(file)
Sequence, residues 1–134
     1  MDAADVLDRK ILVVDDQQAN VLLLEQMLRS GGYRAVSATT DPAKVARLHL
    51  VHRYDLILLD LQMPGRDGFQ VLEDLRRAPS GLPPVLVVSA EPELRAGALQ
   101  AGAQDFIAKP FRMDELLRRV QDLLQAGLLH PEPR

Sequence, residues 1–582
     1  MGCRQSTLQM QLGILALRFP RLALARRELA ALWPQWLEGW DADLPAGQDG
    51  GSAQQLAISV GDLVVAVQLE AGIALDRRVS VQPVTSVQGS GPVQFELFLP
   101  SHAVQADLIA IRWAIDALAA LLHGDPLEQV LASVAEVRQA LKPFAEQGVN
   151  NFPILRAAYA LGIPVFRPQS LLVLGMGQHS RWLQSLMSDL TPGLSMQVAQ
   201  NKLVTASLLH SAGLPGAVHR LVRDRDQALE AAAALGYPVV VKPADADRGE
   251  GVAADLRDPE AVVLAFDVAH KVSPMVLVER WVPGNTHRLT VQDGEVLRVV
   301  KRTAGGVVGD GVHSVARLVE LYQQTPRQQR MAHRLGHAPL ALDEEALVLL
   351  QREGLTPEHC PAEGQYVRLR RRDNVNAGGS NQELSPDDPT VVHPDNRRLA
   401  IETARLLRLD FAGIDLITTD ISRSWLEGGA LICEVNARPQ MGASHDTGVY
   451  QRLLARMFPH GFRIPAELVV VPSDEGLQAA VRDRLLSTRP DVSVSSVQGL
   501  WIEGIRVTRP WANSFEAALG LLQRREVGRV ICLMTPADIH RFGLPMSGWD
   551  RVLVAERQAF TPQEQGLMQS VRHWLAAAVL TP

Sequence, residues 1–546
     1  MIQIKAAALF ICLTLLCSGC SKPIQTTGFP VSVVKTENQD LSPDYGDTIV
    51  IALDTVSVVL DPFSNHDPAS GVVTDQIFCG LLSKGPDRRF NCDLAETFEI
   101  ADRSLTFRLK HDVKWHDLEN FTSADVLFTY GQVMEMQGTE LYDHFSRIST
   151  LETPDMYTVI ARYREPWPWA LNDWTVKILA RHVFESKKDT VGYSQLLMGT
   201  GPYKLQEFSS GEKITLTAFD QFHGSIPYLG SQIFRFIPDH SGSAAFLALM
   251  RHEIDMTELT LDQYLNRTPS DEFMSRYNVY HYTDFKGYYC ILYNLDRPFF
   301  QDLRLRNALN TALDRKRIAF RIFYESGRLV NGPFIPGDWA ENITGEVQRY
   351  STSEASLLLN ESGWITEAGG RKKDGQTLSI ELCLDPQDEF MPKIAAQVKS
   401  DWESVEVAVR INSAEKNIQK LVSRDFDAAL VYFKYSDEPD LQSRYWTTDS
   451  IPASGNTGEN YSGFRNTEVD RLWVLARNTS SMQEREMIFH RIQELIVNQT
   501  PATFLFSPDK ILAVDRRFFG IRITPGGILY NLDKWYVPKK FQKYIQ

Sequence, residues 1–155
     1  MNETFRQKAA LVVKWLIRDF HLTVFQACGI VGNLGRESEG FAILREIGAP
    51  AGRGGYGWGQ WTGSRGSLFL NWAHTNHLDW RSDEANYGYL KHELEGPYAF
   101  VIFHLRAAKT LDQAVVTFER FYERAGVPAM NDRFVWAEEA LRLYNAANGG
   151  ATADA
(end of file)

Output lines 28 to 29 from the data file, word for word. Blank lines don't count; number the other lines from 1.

   451  IPASGNTGEN YSGFRNTEVD RLWVLARNTS SMQEREMIFH RIQELIVNQT
   501  PATFLFSPDK ILAVDRRFFG IRITPGGILY NLDKWYVPKK FQKYIQ